When touch becomes taboo

Recently I read this super interesting article from Laura Curcianelli* , a researcher spending her most precious time on investigating touch. I deeply appreciate her for that! Her article is pretty long, but luckily for you I wrote a resume. Of course if you like to read the full text, you can find it here.

Laura Curcianelli is a Marie Skłodowska-Curie Research Fellow at the Brain, Body and Self Lab in the Department of Neuroscience at the Karolinska Institute in Stockholm, and an Honorary Research Associate at the Research Department of Clinical, Educational, and Health Psychology at University College London.

There is no care, there is no cure, without touch

"Touch is the first sense by which we encounter the world, and the final one to leave us as we approach death’s edge." It comes before sight and before speech. The 2020 pandemic makes touch the ultimate taboo. People who suffer from COVID-19 loose their sense of smell and taste, but touch is the sense that is diminished for almost all of us. It is the sense that has paid the highest price.




Touch is at the base of any care and nurturance, both the instrumental touch needed for assisting, bathing, dressing, etc. as well as the expressive touch that communicates and provides support and comfort.

For most children and adolescents social networking, instead of present touch, had already become the primary source of social interaction. Also, the #MeToo movement has brought touch-scepticism on a global level: it can be a weapon that men use to impose their power over women. Since then professionals such as doctors, nurses, teachers and salespeople are guided against being too hands-on.

At the same time, studies show that touch improves the quality of our encounters and gives us a more positive experience. For example, we are more likely to give a generous tip to a waiter who touches our shoulder.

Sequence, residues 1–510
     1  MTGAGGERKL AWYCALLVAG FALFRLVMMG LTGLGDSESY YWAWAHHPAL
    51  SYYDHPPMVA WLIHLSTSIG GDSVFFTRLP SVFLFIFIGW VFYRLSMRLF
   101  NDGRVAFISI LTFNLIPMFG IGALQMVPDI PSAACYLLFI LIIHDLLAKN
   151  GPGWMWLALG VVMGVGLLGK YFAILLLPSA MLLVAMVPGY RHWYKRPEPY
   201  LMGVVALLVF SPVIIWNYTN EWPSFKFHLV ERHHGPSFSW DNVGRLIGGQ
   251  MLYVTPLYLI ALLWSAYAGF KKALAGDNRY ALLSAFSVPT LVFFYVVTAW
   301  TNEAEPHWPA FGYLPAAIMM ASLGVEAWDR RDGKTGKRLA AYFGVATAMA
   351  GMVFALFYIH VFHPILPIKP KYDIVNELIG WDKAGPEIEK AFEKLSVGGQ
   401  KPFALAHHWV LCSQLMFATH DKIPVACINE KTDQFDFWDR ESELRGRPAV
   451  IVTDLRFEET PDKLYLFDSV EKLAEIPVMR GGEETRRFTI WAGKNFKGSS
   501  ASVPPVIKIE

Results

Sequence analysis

We are born fully accessorised to make the most of touch. It is always mutual: you can't touch without being touched back. Also for docotors and nurses it is the ultimate way to connect and communicate when all other senses are taken away.

In this pandemic touch is a proven vector, but paradoxically also part of the cure.

The need to touch

In the 90's multiple studies showed that orphan children who were barely touched had cognitive and behavioural deficits later on, as well as significant differences in brain development. Gentle touch also increased the amount of food intake in a group of institutionalised elderly adults. There is a proven higher risk to die early when we're touch deprived. Touch reduces stress levels significantly and it facilitates the release of oxytocin, which plays a vital role in our relationship with ourselves and each other. This hormone is called 'the glue of the senses', meaning it helps us perceive the world as a coherent picture (multisensory integration) and creates our sense of body ownership. In other words, it keeps us grounded to a physical body that is ours.

As a newborn we are completely helpless and depend primarily on tactile contact and being held. Infants and parents are meant to have lots of skin-to-skin contact and it has been proven to be crucial for development.

Recent study showed that mothers who are less aligned or responsive to their babies tend to use more rough and restrictive touch. Infants also tend to reciprocate: they are more likely to use aggresive touch towards their mothers if this is the way they were touched. Touch is a language that we learn from early age.

More studies showed that:

  • slow touch communicates love for most of us, even when it comes from a stranger;

  • a firm handshake was a key indicator of succes in job interviews;

  • there is a close link between social touch and mental health, as proven by a study with people with anorexia nervosa.




When touch becomes taboo

Physical distancing leaves invisible scars on our skin. Most people mention 'hugging my loved ones' as the first thing they'll do when the pandemic is over. Currently a project based at the University College London is exploring how digital practices such as 'Likes' and emoji's could extend to tactile feedback. For example, a sensor can become soft and warm when the person on the other side wants to let me feel their presence. These devices have huge potential, especially since 15 % of people worldwide lives alone and more and more of us die alone too.

Yet these devices should be complementary. The magic of physically intimate moments is shared at the same time, at the same space, with another human being. It's accompanied by smell, sound and body temperature.

When we deprive ourselves from touch we lose one of the most sophisticated languages we speak. It's our opportunity to build new relationships and maintain the ones we have.

A better world is often just a hug away.


#Theneedtotouch #Whentouchbecomestaboo


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